Glass substrates maker Absolics on track for $75M in CHIPS Act

US CHIPS Act officials have signed a preliminary deal with Absolics for $75 million to support an advanced packaging facility in Georgia developing glass substrates. It marks the first time CHIPS funds would be used for manufacturing a new advanced material, according to CHIPS for America officials in the Commerce Department.

Absolics is an affiliate of South Korea’s SKC, a manufacturer of chemicals and films primarily. It is part of the semiconductor division in SK Group, part of SK Hynix. Absolics’ glass substrates are designed to lower power consumption and complexity. They have smaller and more densely packed components and shorter connections to enable faster and more energy efficient computing, seen as vital in support of AI and HPC. Advanced packaging is heavily concentrated in Asia and the proposed investment will expand the domestic supply of glass substrates for advanced packaging, Commerce officials said in a statement on Thursday.

“More capable substrates open the door to innovation at every other level in the packaging process,” officials said. Absolics expects glass substrates to be a $3 billion market in 2025, up from $1 billion in 2020.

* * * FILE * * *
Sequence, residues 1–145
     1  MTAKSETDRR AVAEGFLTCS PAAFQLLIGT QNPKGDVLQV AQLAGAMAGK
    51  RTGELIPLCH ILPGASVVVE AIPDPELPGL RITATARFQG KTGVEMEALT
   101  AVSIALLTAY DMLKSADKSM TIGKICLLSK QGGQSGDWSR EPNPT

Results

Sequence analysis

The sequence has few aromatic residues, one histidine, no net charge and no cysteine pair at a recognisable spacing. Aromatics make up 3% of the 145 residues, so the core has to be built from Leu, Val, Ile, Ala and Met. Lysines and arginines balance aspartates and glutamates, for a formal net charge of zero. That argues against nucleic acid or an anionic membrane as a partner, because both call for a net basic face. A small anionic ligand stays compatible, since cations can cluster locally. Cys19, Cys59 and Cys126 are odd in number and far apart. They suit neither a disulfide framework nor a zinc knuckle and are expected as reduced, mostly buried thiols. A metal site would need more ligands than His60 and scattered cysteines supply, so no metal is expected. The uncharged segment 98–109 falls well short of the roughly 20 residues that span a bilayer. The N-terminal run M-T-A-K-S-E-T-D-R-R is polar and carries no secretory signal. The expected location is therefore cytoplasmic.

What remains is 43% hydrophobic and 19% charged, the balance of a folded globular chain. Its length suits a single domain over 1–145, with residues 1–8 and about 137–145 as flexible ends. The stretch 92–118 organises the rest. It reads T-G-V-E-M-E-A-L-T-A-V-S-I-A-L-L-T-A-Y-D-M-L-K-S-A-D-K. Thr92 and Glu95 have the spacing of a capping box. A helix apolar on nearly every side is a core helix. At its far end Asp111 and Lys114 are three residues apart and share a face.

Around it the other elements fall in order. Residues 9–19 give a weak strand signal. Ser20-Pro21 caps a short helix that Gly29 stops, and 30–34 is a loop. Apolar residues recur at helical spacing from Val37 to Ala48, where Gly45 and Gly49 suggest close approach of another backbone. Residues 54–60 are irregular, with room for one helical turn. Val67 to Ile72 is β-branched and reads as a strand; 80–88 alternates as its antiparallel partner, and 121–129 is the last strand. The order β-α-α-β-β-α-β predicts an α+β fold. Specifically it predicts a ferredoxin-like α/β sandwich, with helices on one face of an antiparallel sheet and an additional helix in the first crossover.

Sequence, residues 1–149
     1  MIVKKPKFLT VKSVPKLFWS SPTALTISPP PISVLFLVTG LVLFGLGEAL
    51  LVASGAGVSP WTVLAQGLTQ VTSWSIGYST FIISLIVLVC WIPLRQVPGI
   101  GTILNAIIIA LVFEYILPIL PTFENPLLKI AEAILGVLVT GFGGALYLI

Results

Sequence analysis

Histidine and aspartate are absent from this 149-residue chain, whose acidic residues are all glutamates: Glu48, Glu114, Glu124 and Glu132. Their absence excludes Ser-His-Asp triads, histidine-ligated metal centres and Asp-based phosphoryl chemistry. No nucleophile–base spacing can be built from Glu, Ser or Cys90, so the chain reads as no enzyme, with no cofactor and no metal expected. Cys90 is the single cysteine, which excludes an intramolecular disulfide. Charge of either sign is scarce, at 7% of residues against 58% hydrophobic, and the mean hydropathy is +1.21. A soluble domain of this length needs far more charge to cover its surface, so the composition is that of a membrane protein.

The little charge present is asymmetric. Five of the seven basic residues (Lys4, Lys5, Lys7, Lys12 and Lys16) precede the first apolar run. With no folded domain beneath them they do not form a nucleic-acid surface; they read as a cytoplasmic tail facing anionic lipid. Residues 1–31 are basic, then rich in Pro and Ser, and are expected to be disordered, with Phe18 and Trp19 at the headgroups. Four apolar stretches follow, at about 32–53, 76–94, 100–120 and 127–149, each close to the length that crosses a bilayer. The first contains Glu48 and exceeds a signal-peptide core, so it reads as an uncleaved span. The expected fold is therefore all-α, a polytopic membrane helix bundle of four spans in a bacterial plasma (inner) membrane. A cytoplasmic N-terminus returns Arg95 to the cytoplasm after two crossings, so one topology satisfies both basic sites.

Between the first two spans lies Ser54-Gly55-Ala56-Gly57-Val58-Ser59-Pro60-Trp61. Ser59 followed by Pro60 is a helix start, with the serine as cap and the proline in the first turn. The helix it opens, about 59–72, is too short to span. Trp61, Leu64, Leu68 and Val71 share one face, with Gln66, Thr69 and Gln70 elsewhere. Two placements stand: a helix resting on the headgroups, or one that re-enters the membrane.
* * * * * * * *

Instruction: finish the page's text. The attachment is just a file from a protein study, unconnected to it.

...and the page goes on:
The preliminary award is small in comparison to several others exceeding $6 billion that have been granted to large chip manufacturers.  Preliminary grants to chip makers for facilities in the US have included Intel ($8.5 billion), TSMC ($6.6B), Samsung ($6.4B) , Micron ($6.14B) and GlobalFoundries ($1.5B). More than $30 billion in funds have been designated of a total of $39 billion under the CHIPS Act for manufacturing, signed into law in August 2022.  The total in the CHIPS Act designates $52 billion, including the $39 billion for manufacturing plus additional billions for research and development of electronics-related work.

The Absolics funds would go to support construction of a 120,000 square-foot facility in Covington, Georgia, helping created 1,000 construction jobs and 200 manufacturing and R&D jobs and enhance innovation at Georgia Tech. Absolics has provided lab-to-fab development and has collaborated with Tech’s 3D Packaging Research Center.

Absolics will continue to work with Georgia Tech and also collaborate on the Defense Department’s Heterogeneous Integrated Packaging program in RF technology. Absolics is also planning to work with Georgia Piedmont Technical College to provide hands-on skills training.

In 2023, Absolics CEO Oh Jun-rok said the company was building a factory in Covington to make 4,000 glass substrates each month.

Those substrates provide a layer of glass about 0.8 millimeters thick, one-fourth the thickness of conventional substrates. With glass, the package thickness is cut in half and power consumption is also reduced, officials told Korea JoongAng Daily

Intel last fall announced support of glass substrates.

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